Browne took the “Cocaine” ballad and turned it into more of an elegy for addiction. Co-written with Glenn Frey, the two added on additional lyrics to the Davis version, crafting yet another version of the song.

Late last night about a quarter past four
Ladanyi come knockin’ down my hotel room door
Where’s the cocaine
It’s runnin’ all ’round my brain

I was talking to my doctor down at the hospital
He said, “Son, it says here you’re twenty-seven,
But that’s impossible
Cocaine you look like you could be forty-five

Now I’m losing touch with reality and I’m almost out of blow
It’s such a fine line I hate to see it go
Cocaine, runnin’ all ’round my brain

Learn Rev. Gary Davis’ classic version of “Cocaine Blues” on guitar, HERE.

2. “Last in Love,” Nicolette Larson (1978)
Written by Glenn Frey and J.D. Souther

The closing track off Nicolette Larson’s debut album, Nicolette, “Last in Love” was also one of the original songs in the collection of covers the singer took on, from Sam Cooke‘s “You Send Me” and Neil Young‘s “Lotta Love”—the latter earning her a No. 1 on the Hot Adult Contemporary Tracks chart. On “Last in Love,” Larson, who started out as a backup singer for Young, sings about the naivety of falling in love.

The song was covered by longtime Eagles co-writer J.D. Souther in 1979 and again by George Strait, who released on his 1992 album, Pure Country, a soundtrack to the film of the same name.

Ev’ry now and then
voices on the wind
call me back to the first time
far away and clear
you can hear the tear drops
falling for the last in love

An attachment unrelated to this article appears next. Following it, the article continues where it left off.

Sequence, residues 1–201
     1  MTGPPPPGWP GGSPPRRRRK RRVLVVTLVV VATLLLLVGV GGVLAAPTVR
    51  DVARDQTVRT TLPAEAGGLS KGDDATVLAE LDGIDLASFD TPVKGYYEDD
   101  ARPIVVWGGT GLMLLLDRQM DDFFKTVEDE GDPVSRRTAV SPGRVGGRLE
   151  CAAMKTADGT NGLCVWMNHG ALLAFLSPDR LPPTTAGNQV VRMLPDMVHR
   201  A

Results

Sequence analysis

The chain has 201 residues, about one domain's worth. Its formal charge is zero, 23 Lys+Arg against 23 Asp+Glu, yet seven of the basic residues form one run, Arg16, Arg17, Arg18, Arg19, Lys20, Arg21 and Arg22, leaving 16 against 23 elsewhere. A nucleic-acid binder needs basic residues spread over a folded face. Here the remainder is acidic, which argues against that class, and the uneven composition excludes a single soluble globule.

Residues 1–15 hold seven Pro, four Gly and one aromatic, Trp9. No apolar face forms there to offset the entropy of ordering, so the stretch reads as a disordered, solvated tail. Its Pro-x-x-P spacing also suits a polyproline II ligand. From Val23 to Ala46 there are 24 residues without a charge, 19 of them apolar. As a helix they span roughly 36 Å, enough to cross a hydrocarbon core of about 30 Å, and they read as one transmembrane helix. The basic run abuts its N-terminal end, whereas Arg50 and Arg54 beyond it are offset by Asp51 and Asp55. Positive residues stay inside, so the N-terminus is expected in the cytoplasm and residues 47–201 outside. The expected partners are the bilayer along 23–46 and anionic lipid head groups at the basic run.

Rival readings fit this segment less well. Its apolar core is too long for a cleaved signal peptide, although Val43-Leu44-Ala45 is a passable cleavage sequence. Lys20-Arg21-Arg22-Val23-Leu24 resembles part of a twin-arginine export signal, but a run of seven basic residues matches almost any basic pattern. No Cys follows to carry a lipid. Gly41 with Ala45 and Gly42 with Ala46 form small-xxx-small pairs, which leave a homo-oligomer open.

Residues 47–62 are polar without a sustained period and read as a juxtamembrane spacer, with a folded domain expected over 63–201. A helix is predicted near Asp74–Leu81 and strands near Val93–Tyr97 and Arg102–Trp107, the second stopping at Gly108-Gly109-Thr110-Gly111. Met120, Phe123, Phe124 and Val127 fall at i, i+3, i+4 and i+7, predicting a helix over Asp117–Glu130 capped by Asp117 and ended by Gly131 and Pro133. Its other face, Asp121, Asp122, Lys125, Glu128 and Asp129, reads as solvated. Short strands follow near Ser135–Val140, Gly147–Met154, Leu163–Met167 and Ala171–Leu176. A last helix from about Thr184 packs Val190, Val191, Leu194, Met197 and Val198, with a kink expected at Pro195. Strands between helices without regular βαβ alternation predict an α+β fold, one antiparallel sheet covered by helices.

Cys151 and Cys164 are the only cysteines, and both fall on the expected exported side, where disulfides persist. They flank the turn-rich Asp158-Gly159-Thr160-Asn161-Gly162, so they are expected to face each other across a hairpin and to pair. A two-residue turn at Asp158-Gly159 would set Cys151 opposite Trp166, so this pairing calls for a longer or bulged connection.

If I let you down
All I can say is “I’m sorry”
Now it’s’ all over town
So I don’t want to hear it from you

Please don’t look away it’s hard enough to say
This could go on forever
When the night is clear
I can hear the teardrops
Falling for the last in love

3. “‘Til the Bars Burn Down,” J.D. Souther (1979)
Written by Glenn Frey and J. D. Souther

Glenn Frey and John David “J.D.” Souther started out together as a country-folk duo Longbranch Pennywhistle and released their self-titled debut in 1969. In between composing music for the 1980 romantic drama Urban Cowboy and John Waters’ comedy Cry-Baby a decade later, Souther became a longtime Eagles collaborator and co-wrote some of their biggest hits. Souther also continued working with Frey and Don Henley, who both kicked off their solo careers in 1982.

Along with writing songs for Linda Ronstadt, Souther also released his own music. For his third album, You’re Only Lonely, which hit No. 1 on the Adult Contemporary chart, Frey co-wrote one track with Souther: “‘Til the Bars Burn Down.” On the album, Souther also covered a song he originally wrote with Frey for Nicolette Larson (see above), “The Last in Love.”